Housefires Q+A Part 1

We sat down with Pat, Nate and Kirby from Housefires at The Gathering 2017 to chat about spontaneity in worship, leading in a house church culture and songwriting. This is Part 1 of our Q+A, come back from Part 2 next week...

 

Q. What have you been doing the last couple of weeks? What have you been seeing in the church around the UK?

Nate: Before this conference we did three nights of worship, it’s so fun. I think one thing I loved was that every night was so unique. There’s always different moments that happen because we worship the living God. What I saw was that there’s so much hunger in the church here and God is attracted to hunger. Man there were just so many powerful moments of God speaking. Every night just felt like real ministry which we love.

Q. Tell us where you guys were as a church and how you’ve moved into what you’re doing now.

Pat: We are part of a church in Atlanta. Part of the culture that we’ve always had has been songwriting and creativity and we wanted to lead and sing things that God was specifically doing in us personally and in our community. We have Sunday gatherings and then we have house churches that meet throughout the week. And in that, you don’t have clean transitions between songs. No one cares about transitions when you’re in a living room with B.Y.O. djembe. Worship in that space is like… you sit in moments. I mean you’ve just had dinner with people, they’re in your life, and you sing.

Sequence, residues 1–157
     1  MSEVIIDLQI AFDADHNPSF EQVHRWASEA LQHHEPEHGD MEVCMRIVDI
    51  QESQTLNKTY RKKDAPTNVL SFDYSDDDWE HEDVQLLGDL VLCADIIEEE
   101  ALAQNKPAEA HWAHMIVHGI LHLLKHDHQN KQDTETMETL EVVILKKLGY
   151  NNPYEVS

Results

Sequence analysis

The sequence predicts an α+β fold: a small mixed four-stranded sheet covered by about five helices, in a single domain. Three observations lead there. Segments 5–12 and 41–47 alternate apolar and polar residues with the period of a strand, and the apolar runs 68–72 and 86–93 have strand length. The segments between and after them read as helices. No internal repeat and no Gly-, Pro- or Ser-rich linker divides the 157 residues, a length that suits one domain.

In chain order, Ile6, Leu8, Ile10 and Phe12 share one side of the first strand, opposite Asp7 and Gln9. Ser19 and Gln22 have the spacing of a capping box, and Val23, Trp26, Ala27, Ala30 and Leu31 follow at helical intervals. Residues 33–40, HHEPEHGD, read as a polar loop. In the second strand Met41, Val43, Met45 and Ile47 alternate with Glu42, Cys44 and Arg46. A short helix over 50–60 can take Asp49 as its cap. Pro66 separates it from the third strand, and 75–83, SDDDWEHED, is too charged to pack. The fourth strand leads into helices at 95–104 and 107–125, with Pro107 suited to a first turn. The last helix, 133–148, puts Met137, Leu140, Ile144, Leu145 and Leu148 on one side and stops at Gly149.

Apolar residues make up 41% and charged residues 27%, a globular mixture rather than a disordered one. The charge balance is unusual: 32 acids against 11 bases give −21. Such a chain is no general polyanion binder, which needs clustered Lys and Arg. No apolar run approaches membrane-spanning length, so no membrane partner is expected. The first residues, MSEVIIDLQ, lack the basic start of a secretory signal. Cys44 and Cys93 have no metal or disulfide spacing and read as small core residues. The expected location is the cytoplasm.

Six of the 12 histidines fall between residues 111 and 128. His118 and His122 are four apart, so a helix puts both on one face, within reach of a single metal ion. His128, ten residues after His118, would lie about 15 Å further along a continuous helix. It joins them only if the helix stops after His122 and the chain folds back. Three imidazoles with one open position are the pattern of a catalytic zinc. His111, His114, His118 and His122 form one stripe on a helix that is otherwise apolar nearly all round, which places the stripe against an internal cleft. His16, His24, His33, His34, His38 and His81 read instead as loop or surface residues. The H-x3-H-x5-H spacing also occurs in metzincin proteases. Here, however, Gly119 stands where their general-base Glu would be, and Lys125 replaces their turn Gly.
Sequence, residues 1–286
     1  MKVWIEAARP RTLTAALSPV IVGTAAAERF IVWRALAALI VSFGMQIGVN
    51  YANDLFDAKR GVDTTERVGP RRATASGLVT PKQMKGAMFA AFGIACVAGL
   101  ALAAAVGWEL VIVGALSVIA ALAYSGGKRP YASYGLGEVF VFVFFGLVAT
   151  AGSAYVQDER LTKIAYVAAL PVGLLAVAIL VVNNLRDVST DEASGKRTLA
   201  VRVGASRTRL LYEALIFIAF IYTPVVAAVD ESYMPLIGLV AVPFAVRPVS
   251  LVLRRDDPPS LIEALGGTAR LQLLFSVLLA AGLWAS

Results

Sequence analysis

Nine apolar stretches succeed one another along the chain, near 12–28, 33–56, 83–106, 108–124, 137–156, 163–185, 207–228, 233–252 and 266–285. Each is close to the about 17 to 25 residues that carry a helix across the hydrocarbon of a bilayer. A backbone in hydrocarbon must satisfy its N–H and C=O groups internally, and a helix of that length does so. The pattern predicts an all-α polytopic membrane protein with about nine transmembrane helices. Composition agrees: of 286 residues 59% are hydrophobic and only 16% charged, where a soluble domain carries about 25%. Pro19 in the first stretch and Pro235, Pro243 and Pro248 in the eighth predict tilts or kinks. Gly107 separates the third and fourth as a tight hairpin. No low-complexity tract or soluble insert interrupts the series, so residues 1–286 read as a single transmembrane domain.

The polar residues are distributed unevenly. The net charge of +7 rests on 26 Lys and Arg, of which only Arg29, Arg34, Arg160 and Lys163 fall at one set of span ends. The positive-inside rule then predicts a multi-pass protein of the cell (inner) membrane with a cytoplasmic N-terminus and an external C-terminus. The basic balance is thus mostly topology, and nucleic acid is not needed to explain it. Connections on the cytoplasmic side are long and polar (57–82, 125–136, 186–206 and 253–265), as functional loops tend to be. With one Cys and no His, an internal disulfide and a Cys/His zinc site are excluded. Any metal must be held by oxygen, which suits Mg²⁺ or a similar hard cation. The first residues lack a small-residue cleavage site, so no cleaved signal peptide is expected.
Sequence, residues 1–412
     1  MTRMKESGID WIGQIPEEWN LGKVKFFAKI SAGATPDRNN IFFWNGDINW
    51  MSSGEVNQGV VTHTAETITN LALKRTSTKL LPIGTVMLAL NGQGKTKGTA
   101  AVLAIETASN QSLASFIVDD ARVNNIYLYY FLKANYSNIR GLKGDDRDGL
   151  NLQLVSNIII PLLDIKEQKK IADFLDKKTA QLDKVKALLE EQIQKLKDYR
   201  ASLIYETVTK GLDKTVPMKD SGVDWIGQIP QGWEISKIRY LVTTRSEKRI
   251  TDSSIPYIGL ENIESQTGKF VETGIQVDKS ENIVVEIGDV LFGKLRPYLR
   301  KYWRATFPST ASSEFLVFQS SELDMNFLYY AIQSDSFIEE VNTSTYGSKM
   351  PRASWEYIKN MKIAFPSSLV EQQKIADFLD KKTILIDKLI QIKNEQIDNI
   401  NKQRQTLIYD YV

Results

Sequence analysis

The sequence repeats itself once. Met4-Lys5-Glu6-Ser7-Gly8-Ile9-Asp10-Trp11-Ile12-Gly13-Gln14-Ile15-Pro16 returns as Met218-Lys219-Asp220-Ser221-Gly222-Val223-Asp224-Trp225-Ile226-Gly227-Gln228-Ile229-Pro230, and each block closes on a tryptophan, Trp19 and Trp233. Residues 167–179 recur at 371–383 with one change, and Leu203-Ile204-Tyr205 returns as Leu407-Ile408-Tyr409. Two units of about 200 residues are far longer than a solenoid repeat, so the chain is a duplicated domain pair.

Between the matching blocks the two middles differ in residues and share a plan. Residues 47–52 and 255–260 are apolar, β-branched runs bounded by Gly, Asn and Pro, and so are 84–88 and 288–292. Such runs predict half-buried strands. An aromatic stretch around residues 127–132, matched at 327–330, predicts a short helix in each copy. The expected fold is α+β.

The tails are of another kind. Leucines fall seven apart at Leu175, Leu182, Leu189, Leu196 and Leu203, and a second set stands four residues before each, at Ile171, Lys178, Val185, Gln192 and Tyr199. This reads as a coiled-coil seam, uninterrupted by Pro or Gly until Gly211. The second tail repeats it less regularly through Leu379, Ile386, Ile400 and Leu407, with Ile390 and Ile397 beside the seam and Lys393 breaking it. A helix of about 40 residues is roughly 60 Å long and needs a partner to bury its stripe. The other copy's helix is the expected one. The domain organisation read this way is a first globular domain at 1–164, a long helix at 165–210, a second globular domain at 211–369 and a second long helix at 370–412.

Some songs we sang in our house church when my wife and I went through a miscarriage. We sang those songs prophetically, they were sung over my family. So you have songs that have grown from experiences like that, the good, the bad, like all of it. When you share those songs you don’t feel like there’s pressure on them, it almost doesn’t even matter if you connect. If someone else connects with something in the same way it did with you is not really the point. The point is that it helped you be more open to God and if it was just for that, it’s enough. And then if songs go beyond you then that’s just some mysterious blessing from God that you get to be a part of.

When we started sharing those songs it was because they’d impacted our community, our lives, our relationships and our own walks with the Spirit and we were just blown away. That we’re even here right now is like, crazy. You guys know this, you’re leaders, you write songs. When you lead people and your gifting goes far beyond you, like that’s the best.

Q. How has what was birthed in those lounge gatherings been translated into bigger gatherings?

Kirby: So I think what Pat said is really great, that if you can help people be more open to God that’s the goal and the point. And if you can do that in a small space, you can absolutely do that in the large space. As long as you keep the goal the same, you realise that there’s no difference in the size of the room.

A couple of years ago I was having this season in my life when I was really just asking the Lord to make my leadership better. I was having coffee with a girl and she was just having this hard time. It was just this amazing conversation and by the end of it I’d helped her to remember who she was and remember who God was. And that’s all we really do on Sunday, we’re just having coffee with a couple of hundred people at a time instead of one.